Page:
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Alcohol in moderation may lower risk of diabetes, metabolic syndrome

Posted Dec 12 2010 12:00am

With the emergence of an epidemic of obesity and type 2 diabetes (DM) throughout the world, the association of lifestyle habits that may affect the risk of metabolic diseases is especially important. Most prospective studies have shown that moderate alcohol drinkers tend to have about 30 percent lower risk of developing late onset diabetes than do non-drinkers, and moderate drinkers also tend to be at lower risk of developing metabolic syndrome (MS). A cross-sectional analysis of 6172 subjects ages 35 to 75 years in Switzerland related varying levels of alcohol intake to the presence of (diabetes mellitus) DM, metabolic syndrome (MS), and an index of insulin resistance (HOMA-IR).

Alcohol consumption was categorized as non-drinkers (0), low-risk (1-13 drinks per week), medium-to-high-risk (14-34 drinks/week), and very-high-risk (35 or more drinks/week) drinkers. 73 percent of participants consumed alcohol, 16 percent were medium-to-high-risk drinkers, and 2 percent very-high risk drinkers.

Study findings: In multivariate analysis, the prevalence of the metabolic syndrome, type 2 diabetes and the mean HOMA-IR all decreased with low-risk drinking and increased with high-risk drinking. Adjusted prevalence of the metabolic syndrome was 24 percent in non-drinkers, 19 percent in low-risk, 20 percent in medium-to-high-risk and 29 percent in very-high-risk drinkers. Adjusted prevalence of diabetes was 6.0 percent in non-drinkers, 3.6 percent in low-risk, 3.8 percent in medium-to-high-risk and 6.7 percent in very-high-risk drinkers. These relationships did not differ according to beverage types.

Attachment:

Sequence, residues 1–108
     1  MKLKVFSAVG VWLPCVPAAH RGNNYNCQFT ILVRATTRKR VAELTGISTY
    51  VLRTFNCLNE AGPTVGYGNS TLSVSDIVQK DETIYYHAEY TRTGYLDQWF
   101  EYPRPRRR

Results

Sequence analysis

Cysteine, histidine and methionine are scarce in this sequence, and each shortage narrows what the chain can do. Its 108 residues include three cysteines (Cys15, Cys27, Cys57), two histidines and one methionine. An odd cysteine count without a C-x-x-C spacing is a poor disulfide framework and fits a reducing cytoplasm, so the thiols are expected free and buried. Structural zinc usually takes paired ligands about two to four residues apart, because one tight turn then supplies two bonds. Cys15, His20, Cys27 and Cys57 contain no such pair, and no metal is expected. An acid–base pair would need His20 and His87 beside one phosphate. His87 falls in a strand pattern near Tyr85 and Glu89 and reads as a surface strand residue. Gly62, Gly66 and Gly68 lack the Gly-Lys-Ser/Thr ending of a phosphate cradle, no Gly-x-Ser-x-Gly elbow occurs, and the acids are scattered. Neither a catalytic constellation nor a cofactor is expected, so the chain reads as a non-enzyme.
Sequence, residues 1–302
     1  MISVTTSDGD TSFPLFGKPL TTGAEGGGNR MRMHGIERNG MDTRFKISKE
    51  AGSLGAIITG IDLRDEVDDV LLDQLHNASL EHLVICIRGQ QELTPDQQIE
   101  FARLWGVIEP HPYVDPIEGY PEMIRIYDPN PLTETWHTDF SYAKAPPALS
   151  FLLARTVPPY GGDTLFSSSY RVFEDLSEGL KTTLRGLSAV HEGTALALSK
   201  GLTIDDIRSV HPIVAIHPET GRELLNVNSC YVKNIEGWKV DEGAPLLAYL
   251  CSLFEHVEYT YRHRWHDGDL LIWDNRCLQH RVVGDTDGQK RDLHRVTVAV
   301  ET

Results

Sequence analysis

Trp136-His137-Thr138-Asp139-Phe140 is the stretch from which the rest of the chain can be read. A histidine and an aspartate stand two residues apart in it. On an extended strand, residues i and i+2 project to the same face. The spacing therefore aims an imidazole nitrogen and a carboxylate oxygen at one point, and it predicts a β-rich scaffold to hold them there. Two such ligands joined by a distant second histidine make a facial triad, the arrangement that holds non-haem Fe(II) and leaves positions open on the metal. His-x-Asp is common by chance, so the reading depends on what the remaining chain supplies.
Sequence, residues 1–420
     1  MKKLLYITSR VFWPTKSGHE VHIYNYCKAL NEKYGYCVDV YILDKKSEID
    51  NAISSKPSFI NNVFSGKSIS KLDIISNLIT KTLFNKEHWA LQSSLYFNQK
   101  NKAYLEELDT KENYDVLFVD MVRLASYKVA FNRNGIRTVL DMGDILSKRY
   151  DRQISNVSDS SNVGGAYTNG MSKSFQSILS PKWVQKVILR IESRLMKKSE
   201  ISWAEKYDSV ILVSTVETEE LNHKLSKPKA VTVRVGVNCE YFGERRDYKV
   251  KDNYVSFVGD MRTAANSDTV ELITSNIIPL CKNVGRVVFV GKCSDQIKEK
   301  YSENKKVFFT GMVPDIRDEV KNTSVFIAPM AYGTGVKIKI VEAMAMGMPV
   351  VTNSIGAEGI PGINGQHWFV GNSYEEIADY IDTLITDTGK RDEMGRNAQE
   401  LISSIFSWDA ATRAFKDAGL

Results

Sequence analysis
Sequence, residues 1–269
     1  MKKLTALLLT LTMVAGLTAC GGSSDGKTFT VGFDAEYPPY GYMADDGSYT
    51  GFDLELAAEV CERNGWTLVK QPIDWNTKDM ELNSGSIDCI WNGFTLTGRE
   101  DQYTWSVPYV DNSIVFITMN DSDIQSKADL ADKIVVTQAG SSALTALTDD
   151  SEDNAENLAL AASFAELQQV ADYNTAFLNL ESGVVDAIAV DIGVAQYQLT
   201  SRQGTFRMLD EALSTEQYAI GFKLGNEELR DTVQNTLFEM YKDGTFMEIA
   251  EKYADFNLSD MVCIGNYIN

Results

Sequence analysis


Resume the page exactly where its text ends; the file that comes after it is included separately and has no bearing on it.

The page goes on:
Moderate drinkers also had the lowest weight, tryglycerides, and blood pressure. All drinkers had higher HDL-cholesterol values (”good cholesterol”) than did non-drinkers.

Comments from the academic forum:

Metabolic syndrome is the name given to a so-called “lifestyle disease,” where patients exhibit multiple medical problems including high blood pressure, late onset diabetes, and high cholesterol.

The strengths of this paper include being population-based and having a large number of subjects who reported that they consumed 14 or more drinks/week. Also, there was a good percentage (27 percent) of subjects reporting no alcohol intake during the one week of assessment used for classifying subjects. Another strength is the careful confirmation of drinking status with state-of-the-art laboratory tests. In multivariate analysis, the prevalence of the metabolic syndrome, type 2 diabetes and the mean HOMA-IR decreased with low-risk drinking and increased with high-risk drinking. No differences in risk or prevention were noted according to the type of beverage consumed.

This is a cross-sectional analysis, so a causative relation between alcohol intake and the metabolic outcomes cannot be assessed. Still, the data supports much that has been shown in prospective studies. Several Forum members commented on potential problems when considering a number of physiologic conditions as the “metabolic syndrome” and focusing therapy on the syndrome; they believed that each metabolic factor should be evaluated and treated singly (Courtesy of EurekAlert!, a service of AAAS).

The authors’ abstract and details from the forum critique are available free online here:

Reference: Clerc O, et al. Alcohol drinking, the metabolic syndrome and diabetes in a population with high mean alcohol consumption. Diabet Med 2010;27: 1241-1249.

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